Emergency Birth: What to Do if Baby Doesn't WaitKatlyn Joy | 3, July 2013
It's a dilemma none of us want to think could happen and most likely, it won't. However, this is one of those "just in case" situations you will want to know how to handle should it happen. If you have given birth previously and things moved rapidly or your labor was not typical and hard to predict, you should give more consideration to this possibility.
There are other factors beyond a rapid labor or one that moves along almost silently that may require an emergency, out of hospital birth. Suppose there is an emergency situation such as a serious storm that makes it difficult or impossible to travel. First, you need to know whether you should try to get to the hospital, or stop where you are whether you are in your living room or the back of your minivan.
How to Know It's Time to Stop Where You Are
- Suddenly you feel an sharp increase in contractions, as in they are coming one after another.
- Your panting becomes more of a deep, guttural grunt.
- The pressure becomes unbelievably intense.
What to Do First
Take a slow, deep breath and try to collect your thoughts.
Realize that from the beginning of people, women gave birth wherever they were. No stirrups, scrubs or labor nurses. Very few labors have complications so don't anticipate anything but a normal birth. Relax by accepting these facts.
You now know that help will be on hand soon, so you can relax even more. You can put them on speaker and do what you are instructed to do. If you have enough time, call a neighbor or a nearby relative to high-tail it over to your home to assist you.
If you are in the car, pull over to a safe distance from traffic and wait for help.
Do not try to rush to the hospital at this point.
Cover the area where you are going to give birth with a clean towel.
If you can manage it, cover the couch or bed with a shower curtain then a sheet. This is an excellent use for anyone who is home with you, by the way.
Make sure your door is unlocked for emergency medical help.
You might not feel so much up to waddling over to unchain the door later.
Neither push things along nor try to stop.
Don't fight what's happening with your body and baby.
What to Expect
Birth is a natural, but somewhat gross process. So what? Just don't choose to deliver on your velvet couch or on your white carpet. What were you thinking having such things with a baby on the way, anyhow? You can clean or trash things as needed later, so just do your work and worry about the collateral damage later.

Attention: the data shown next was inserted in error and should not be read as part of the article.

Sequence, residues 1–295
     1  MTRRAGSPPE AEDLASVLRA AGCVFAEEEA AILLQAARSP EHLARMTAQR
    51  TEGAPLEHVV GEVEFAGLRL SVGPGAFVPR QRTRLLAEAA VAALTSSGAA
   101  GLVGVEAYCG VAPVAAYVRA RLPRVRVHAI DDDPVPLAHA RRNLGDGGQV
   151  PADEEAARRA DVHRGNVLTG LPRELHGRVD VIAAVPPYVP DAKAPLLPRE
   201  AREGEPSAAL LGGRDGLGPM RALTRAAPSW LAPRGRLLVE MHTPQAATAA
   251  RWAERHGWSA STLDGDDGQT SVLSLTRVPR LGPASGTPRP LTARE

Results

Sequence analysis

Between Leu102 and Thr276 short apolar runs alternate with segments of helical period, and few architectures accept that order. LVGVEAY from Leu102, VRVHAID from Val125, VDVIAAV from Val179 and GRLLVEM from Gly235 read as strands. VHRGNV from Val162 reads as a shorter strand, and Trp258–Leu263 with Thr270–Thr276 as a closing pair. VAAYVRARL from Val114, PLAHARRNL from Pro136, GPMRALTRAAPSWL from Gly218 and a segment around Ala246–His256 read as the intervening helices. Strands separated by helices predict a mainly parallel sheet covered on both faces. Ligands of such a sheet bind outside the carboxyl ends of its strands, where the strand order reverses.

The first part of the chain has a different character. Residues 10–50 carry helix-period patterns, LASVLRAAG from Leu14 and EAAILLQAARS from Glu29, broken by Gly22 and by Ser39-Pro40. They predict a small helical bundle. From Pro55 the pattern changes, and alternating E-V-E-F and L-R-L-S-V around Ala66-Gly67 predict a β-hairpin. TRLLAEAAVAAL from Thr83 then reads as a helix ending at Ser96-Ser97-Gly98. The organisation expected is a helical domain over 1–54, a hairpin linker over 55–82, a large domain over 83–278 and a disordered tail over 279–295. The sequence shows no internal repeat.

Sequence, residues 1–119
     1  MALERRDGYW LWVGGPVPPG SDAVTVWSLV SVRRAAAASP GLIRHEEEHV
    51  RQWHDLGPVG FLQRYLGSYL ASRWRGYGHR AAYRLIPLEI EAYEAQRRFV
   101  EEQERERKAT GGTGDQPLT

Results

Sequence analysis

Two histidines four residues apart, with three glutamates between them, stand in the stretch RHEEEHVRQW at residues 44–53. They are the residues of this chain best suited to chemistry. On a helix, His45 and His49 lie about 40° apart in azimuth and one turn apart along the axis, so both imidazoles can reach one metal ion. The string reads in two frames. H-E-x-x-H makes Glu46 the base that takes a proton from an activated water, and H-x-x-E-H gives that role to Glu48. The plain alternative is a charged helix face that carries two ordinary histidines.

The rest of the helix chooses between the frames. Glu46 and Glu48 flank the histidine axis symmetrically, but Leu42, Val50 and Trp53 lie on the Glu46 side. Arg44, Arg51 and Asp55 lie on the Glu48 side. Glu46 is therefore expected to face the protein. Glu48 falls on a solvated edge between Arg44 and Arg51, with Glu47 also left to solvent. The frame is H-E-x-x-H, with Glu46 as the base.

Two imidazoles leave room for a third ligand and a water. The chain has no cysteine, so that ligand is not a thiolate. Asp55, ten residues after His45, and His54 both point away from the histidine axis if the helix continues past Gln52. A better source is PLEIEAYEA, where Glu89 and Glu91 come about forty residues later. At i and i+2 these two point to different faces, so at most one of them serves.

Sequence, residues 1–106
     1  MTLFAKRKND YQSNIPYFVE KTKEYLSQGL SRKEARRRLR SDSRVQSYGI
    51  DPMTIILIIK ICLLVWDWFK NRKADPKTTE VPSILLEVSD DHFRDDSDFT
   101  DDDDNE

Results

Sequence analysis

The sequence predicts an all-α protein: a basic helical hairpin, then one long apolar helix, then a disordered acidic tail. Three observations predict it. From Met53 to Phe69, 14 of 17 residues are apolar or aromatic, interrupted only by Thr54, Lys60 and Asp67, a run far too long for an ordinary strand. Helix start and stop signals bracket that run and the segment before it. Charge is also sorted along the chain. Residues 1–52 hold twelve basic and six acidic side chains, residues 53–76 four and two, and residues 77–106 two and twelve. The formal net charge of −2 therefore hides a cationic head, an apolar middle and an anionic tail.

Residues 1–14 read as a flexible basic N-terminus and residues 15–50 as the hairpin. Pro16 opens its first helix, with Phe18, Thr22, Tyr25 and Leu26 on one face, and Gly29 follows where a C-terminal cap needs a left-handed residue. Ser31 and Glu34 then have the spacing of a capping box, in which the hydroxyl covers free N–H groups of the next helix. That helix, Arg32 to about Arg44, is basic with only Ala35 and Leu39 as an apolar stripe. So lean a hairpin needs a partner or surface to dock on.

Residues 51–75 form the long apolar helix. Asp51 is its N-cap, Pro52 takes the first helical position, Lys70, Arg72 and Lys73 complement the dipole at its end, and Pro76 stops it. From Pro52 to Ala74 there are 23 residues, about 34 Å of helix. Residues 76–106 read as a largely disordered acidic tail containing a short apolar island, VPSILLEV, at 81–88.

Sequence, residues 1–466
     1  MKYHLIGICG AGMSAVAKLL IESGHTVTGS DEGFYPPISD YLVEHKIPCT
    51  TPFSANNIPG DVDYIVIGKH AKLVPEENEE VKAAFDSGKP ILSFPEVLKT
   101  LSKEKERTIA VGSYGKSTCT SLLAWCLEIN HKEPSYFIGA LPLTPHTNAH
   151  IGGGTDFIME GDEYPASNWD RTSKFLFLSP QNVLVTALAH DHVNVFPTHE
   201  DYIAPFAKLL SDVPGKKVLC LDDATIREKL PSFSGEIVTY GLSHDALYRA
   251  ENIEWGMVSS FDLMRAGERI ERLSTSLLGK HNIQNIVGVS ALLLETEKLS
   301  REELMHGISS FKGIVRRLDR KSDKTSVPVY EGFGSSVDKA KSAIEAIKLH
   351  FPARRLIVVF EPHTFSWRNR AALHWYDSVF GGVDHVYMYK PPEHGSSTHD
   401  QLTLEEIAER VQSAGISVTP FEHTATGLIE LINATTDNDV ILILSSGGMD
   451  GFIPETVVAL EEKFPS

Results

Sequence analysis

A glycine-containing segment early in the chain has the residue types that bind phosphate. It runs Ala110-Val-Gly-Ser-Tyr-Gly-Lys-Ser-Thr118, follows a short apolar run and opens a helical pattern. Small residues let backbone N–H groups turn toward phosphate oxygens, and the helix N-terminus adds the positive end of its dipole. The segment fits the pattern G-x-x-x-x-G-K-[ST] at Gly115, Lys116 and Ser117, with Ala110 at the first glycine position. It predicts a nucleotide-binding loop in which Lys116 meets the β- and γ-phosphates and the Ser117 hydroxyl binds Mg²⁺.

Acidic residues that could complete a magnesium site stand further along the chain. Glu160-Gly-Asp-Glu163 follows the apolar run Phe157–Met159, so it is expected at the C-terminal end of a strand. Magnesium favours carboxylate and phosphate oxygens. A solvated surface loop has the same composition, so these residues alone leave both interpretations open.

Call it whatever you want, but childbirth isn't for sissies. One thing that will ease things is not panicking or fighting against the flow of the birth. Expect and imagine everything is going well because odds are, it is so relax. Less tension means less pain.
You are about to meet your child for the first time, so focus on the joy to soon follow.
As Baby is Born
- Never do anything silly like crossing your legs as if that could stop the train that is a baby being born. Also, don't let your helper if you have one try to pull the baby once part of the baby has emerged.
- Support the baby as he or she begins to slip out. And yes, baby will be greasy, slippery and wet so be prepared with a clean dry towel.
- Wipe baby's face and press gently downward on the outside of the nose to help any mucus to get out. Should baby not be crying, rub baby's back firmly.
- Don't worry about cutting the cord and definitely don't pull on it. Just leave things be until help arrives.
- Once baby is out, wrap her up in a towel and place her on your chest. Your body heat will warm baby.
- Place baby to breast and let baby begin to nurse. This will usually come naturally to baby and this will help you get those important contractions going that will result in the passing of the placenta and the shrinking of the uterus.
If baby isn't breathing, let the 911 operator talk you through infant CPR.
Remember, help is probably almost there at this point so you can be the help needed until those few moments have passed.
Keep baby warm and don't worry about the cord or placenta.
You don't want to pull on it or make it too taut.
Massage your abdomen to help get your uterus shrinking.
If it doesn't, you'll bleed too much. Having baby nurse will help with this too, but if baby isn't quite on track for this yet, massage your nipples to get things going.
Listen for the EMTs to arrive and take over.
Soon you'll be whisked off to a birth suite and both you and baby will be checked over and tended to.
Sources: Midwife.orgKatlyn Joy is a mother to 7 children, and a freelance writer. She earned her Master of Arts in Creative Writing and Poetry, and a Bachelor of Arts in English and was previously an adviser to new mothers on breastfeeding through a maternity home program. She currently resides in Colorado with her family.
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